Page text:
World Cup 2018: Where you're watching the England game
Tonight's the night that could see England into a first World Cup Final since the glory days of 1966.
Whether you plan to get together with a crowd of like-minded mates or want to quietly focus your good vibes on the match alone at home, chances are you've decided where to watch the game against Croatia.
Giant screens are hastily being erected in public spaces across the country, while pubs, bars and fan zones are also going to be busy with white-shirted (or navy-waistcoated) viewers anxiously clutching a pint or two.
Here are some of the places fans will either be shedding tears of joy - or weeping over what nearly was.
A cruise ship
Queen tribute band The Bohemians are currently on cruise ship Navigator of the Seas on their way to Gibraltar.
Lead singer Rob "Freddie Mercury" Comber says the group will be able to watch the first 20 minutes and the final half hour of the game, but they're due to perform throughout the middle.
"If it goes to penalties we'll miss them too, as we'll be due back on stage - so hopefully we won't need them.
"Come on lads - we can have Croatia."
Tony Newton, who was born in Barnsley, has lived in Canada since 1976. He will be watching the semi-final in a bar in the middle of a prairie.
He says he's been following the Three Lions since the 1982 World Cup and has planned ahead for the game by booking time off work.
"I will be cheering on the lads. It's coming home," he says.
Dave Wharton, another expat in Canada, watches the matches in Ajax, Ontario, by streaming the local sports channel on his laptop while keeping an eye on the BBC Live Text on the desktop computer behind it.
"It's a real treat to read the analysis from familiar figures like Lineker, Shearer, Rio, Waddle, Nevin, Klinsmann, Jenas, Lawro etc. I also love reading the banter, seeing the photos and social media stuff, and the comments from viewers.
"Maybe if I start swimming up the St Lawrence Seaway now, then hop on an ocean liner in Montreal, I could make it to Moscow by Sunday."
Paul Smith will be enjoying the view as well as the game at his home in Nova Scotia.
"I will be in sunny St Margaret's Bay with the best excuse in the world not to stack wood, not to garden, not to mow the grass, not to work on my deck - as a matter of fact not do anything apart from having a beer or two."
Clive Smith and his family will be getting up at 02:00 in Perth, Western Australia to watch the game against Croatia.
Mr Smith, whose living room displays a clear England supporter streak, says they "can't wait for the next instalment of 'football's coming home".
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Another expat now in Australia, Craig Appleton will be watching at home in Victoria - which for him means a midnight kickoff.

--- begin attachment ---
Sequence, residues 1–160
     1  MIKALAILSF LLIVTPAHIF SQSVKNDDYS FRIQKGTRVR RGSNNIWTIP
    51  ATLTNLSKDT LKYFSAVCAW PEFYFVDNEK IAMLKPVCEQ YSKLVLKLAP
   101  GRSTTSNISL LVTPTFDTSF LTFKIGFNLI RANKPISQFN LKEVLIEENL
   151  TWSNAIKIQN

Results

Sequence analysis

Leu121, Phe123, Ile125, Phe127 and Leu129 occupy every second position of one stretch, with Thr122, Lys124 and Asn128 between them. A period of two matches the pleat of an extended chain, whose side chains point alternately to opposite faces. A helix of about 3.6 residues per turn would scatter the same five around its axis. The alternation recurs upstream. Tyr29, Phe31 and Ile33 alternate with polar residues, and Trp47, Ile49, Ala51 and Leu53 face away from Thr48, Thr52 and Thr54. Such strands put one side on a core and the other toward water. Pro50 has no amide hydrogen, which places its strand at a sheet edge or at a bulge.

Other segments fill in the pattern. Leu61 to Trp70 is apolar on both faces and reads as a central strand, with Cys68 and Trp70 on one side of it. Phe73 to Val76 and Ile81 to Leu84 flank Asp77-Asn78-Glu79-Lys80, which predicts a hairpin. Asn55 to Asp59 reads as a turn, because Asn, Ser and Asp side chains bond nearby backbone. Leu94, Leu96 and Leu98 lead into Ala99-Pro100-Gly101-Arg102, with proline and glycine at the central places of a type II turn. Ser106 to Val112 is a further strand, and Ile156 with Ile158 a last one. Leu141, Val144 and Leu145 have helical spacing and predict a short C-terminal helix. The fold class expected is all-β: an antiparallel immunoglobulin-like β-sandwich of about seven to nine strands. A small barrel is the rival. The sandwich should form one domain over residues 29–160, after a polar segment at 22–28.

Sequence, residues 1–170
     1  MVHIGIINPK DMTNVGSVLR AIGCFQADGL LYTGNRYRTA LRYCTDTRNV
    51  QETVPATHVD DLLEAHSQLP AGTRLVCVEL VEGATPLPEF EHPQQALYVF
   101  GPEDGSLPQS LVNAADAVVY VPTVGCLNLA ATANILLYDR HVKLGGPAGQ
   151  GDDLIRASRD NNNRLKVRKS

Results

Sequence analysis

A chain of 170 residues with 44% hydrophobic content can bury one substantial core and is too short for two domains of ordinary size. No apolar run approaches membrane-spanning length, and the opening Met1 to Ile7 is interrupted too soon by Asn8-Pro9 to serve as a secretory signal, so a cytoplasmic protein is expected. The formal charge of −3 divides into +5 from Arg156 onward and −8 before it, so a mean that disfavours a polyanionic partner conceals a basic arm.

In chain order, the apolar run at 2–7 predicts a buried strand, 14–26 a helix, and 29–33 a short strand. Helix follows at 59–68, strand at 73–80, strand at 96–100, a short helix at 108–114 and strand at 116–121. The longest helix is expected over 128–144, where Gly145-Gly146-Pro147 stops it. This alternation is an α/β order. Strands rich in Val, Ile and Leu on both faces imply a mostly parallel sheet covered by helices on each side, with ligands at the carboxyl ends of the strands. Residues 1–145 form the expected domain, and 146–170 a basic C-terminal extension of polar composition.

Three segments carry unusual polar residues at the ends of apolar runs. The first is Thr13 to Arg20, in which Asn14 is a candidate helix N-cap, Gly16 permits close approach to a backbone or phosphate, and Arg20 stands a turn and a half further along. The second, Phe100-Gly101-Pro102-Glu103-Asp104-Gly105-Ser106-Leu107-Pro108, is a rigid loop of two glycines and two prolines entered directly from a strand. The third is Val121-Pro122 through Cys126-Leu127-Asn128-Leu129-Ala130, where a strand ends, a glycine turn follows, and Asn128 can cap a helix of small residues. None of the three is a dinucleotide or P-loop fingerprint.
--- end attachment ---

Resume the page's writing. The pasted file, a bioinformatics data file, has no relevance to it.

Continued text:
"There are lots of very tired, very excited yet very happy English Aussies," Mr Appleton says.
"They are silently and sleepily sidling through their workdays, waiting to watch a genuinely impressive display. This is uncharted territory... even locals and ex-Scots are impressed and want England to win. It's a strange world indeed at the moment."
Pat Gallagher, in Boston, Massachusetts says he will be taking the afternoon off.
"The game kicks off at 2pm Eastern Time in the US. I'm on the lookout for a dark blue waistcoat.
"Growing up in south London, and a lifelong Palace fan, I always knew Gareth [Southgate] was on a path to greatness. A true fighter, and the missed penalty in '96 is a indicator of his drive to pick up and carry on. The other fellas on the squad are doing a pretty good job, too.
And John and Tina Gilmartin, from Balbriggan in Fingal, are due to land at Philadelphia airport five minutes before kickoff - and their next flight, to Scottsdale, is at 20:45 BST, giving them a comfortable hour and 50 minutes to enjoy England's performance.
"Football is coming home," Mr Gilmartin promises.
The golf club
Pete Harris from Leeds has his whole day mapped out.
"After a slog round Cleckheaton golf club in the afternoon, I'll be having a light evening meal and will then settle in the 19th for beers and the best spot for the 52-inch screens. I'm expecting it to be rowdy."
And down the pub - for a double celebration?
Dan Roberts from Truro, Cornwall, says he is simply going to a local pub with two of his best mates.
But he's got a special reason to celebrate.
"I had cancer during the World Cup 2014 (although didn't miss anything there) and again before the Euros 2016.
"I've just had the all-clear and have been cancer-free for two years. The sky's the limit."